Brazil–Hungary relations refers to the diplomatic relations between the Federative Republic of Brazil and Hungary. Both nations enjoy friendly relations, the importance of which centres on the history of Hungarian immigration to Brazil. Approximately 100,000 Brazilians have Hungarian ancestry, making it the largest Hungarian community in Latin America. Both nations are members of the United Nations.
The first wave of Hungarian immigration to Brazil took place in the second half of the nineteenth century, due to the promise from Brazil to provide pieces of land for immigrants (as a way to encourage European immigration to the country) with many settling in the Brazilian state of Santa Catarina. In 1871, during a tour of Europe, Emperor Pedro II of Brazil visited Hungary (at the time part of the Austro-Hungarian Empire). In 1873, Brazil opened an honorary consulate in Budapest.
In 1917 during World War I, Brazil declared war on the Central Powers (which included Hungary). The second big wave of Hungarian immigrants arrived to Brazil just after World War I, mainly from the territories Hungary lost as a consequence of the Treaty of Trianon. In 1923, Brazil recognized the independence of Hungary and in 1927, both nations established diplomatic relations. That same year, Hungary opened a diplomatic legation in Rio de Janeiro and Brazil opened one too in Budapest in 1929.
In 1942, Brazil declared war on the Axis powers (for which Hungary belonged to). As a result, diplomatic relations between Brazil and Hungary were severed. During the war (and soon afterwards), many Hungarians immigrated to Brazil, particularly Hungarians of Jewish origin. Relations between both nations were re-established in 1961 and in 1962, Brazil re-opened its diplomatic legation in Budapest. In 1974, both nations elevated their legations to embassies.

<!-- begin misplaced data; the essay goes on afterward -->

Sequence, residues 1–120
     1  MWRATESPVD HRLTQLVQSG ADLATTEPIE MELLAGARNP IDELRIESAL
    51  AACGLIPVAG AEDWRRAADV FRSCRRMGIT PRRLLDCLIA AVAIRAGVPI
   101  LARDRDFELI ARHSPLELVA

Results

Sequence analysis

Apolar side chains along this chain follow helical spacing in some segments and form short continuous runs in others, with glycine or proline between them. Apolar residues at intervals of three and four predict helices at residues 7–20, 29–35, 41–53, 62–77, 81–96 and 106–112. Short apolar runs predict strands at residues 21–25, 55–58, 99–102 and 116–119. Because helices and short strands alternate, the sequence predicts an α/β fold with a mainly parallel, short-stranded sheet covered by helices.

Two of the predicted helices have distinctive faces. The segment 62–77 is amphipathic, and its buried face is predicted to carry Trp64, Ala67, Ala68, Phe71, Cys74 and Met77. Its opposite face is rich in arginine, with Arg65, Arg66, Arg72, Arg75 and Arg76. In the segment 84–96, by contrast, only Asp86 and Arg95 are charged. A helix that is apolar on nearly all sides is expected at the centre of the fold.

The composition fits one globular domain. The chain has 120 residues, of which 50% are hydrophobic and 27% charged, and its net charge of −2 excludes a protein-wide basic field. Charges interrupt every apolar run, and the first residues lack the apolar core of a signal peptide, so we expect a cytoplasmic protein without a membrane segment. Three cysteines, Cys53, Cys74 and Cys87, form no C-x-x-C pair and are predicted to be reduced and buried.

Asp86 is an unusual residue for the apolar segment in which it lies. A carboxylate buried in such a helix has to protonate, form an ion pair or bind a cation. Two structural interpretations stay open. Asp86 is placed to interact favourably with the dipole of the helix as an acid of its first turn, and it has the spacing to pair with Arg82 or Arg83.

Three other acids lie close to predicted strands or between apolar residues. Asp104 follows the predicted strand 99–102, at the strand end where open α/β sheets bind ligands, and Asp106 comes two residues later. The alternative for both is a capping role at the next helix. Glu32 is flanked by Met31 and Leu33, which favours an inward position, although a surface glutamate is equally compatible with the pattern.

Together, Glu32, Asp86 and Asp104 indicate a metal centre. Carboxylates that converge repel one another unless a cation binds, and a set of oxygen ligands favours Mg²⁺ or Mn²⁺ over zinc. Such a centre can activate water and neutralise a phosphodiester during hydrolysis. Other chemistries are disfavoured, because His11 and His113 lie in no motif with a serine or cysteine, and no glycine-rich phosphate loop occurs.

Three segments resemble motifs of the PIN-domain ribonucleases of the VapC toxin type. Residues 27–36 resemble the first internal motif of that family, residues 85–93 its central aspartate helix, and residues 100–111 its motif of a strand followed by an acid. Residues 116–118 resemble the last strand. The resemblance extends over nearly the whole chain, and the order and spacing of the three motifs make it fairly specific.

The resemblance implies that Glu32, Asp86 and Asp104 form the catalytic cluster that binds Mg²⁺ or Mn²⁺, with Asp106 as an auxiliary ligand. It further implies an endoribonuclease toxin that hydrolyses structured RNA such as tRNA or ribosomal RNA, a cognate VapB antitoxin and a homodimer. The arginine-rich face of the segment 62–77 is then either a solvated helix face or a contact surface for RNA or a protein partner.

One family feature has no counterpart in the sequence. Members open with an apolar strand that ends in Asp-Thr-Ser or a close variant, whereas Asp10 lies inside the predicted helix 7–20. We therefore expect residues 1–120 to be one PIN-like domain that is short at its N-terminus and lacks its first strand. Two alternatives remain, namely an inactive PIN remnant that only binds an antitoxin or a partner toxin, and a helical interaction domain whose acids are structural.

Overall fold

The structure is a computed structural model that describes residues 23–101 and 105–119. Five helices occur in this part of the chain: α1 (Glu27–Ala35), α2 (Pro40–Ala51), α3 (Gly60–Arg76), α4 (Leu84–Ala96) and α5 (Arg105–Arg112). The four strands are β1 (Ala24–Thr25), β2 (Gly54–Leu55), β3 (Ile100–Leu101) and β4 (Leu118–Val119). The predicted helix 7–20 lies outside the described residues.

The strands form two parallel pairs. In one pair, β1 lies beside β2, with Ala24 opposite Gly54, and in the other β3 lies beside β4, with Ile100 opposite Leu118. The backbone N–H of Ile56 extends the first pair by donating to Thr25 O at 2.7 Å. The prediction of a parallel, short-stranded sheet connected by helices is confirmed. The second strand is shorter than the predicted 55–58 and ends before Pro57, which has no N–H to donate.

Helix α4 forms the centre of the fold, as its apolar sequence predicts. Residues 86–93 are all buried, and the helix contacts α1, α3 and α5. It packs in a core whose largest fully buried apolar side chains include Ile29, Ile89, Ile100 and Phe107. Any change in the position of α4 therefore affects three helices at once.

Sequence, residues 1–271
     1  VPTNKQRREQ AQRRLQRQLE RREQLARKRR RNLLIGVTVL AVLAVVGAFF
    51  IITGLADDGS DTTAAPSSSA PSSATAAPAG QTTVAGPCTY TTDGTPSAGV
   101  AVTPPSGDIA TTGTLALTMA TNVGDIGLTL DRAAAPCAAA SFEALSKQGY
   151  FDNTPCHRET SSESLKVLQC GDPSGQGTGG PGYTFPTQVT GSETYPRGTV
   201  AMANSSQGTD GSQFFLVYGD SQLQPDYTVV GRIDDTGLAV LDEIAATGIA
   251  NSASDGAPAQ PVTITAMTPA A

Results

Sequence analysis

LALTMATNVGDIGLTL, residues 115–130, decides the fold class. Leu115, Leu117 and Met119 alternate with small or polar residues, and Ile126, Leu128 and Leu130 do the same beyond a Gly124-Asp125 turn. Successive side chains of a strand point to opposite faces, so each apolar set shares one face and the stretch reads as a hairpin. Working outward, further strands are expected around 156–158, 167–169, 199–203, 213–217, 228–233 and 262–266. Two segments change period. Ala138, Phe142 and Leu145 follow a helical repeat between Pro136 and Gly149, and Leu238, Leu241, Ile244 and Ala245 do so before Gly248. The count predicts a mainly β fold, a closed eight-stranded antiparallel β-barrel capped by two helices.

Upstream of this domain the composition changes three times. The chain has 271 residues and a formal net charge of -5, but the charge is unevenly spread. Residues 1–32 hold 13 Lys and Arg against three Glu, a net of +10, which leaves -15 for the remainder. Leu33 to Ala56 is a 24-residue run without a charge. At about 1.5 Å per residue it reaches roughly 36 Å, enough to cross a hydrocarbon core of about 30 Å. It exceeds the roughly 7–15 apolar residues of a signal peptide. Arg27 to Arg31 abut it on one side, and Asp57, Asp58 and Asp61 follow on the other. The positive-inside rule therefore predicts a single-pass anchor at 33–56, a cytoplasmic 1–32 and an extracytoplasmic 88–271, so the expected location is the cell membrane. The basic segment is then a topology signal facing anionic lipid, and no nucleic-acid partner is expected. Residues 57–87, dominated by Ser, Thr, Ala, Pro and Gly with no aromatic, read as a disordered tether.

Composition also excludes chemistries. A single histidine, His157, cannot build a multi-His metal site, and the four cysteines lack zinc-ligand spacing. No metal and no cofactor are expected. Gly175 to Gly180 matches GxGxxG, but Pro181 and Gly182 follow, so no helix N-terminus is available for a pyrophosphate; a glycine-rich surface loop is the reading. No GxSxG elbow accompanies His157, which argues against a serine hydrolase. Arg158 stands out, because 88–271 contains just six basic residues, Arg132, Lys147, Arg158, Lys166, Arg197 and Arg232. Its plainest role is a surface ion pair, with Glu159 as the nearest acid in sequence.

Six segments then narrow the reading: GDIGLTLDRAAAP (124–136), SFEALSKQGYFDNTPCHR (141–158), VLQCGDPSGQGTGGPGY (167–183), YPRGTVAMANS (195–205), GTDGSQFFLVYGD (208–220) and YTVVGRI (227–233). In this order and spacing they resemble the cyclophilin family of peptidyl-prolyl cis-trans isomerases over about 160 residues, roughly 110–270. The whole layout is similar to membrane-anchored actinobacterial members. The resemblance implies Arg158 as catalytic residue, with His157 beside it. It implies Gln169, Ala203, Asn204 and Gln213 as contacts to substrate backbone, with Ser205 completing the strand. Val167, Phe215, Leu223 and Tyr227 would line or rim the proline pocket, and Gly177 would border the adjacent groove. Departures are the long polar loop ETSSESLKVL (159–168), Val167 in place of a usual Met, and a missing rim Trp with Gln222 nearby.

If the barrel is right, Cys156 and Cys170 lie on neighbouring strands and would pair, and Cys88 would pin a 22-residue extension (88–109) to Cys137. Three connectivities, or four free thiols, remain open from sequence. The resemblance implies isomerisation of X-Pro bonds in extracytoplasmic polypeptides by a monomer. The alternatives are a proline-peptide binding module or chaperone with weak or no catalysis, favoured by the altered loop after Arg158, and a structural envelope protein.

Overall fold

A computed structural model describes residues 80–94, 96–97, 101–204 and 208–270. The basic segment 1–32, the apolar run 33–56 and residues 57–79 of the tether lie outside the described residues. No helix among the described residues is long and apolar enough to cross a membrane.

In 1994, Brazilian President-Elect, Fernando Henrique Cardoso, paid a visit to Hungary. In 1997, Hungarian President Árpád Göncz paid a visit to Brazil, becoming the first Hungarian head-of-state to visit the South American nation. In 2011, the Hungarian Government launched a strategic planning document that included Brazil among its foreign policy priorities. In 2013, Brazilian Vice-President Michel Temer paid a visit to Hungary. In 2017, both nations celebrated 90 years of diplomatic relations.
High-level visits from Brazil to Hungary
- Emperor Pedro II of Brazil (1871)
- Vice-President Michel Temer (2013)
- Foreign Minister Ernesto Araújo (2019)
High-level visits from Hungary to Brazil
- Foreign Minister Géza Jeszenszky (1992)
- President Árpád Göncz (1997)
- Foreign Minister János Martonyi (2012)
- President János Áder (2012, 2016, 2018)
- Prime Minister Viktor Orbán (2016, 2019)
- Foreign Minister Péter Szijjártó (2019)
Both nations have signed several bilateral agreements such as an Agreement to avoid double taxation (1986); Agreement on Scientific, Technical and Technological Cooperation (1992); Agreement on Economic Cooperation (2006); Memorandum of Understanding between Hungary's Eximbank and the Brazilian Development Bank (2012); and an Agreement of Cooperation between the Hungarian Ministry of Rural Development and the Brazilian Ministry of Fisheries and Aquaculture (2013).
In 2018, trade between both nations totaled US$480 million. Brazil's main exports to Hungary include: parts and turbine motores for airplanes; automobile parts; machinery; leather; and coffee. Hungary's main exports to Brazil include: machinery, vehicles and processed products. Brazil is Hungary's second largest trading partner in Latin America (after Mexico).
Resident diplomatic missions
- Brazil has an embassy in Budapest.
- Hungary has an embassy in Brasília and a consulate-general in São Paulo.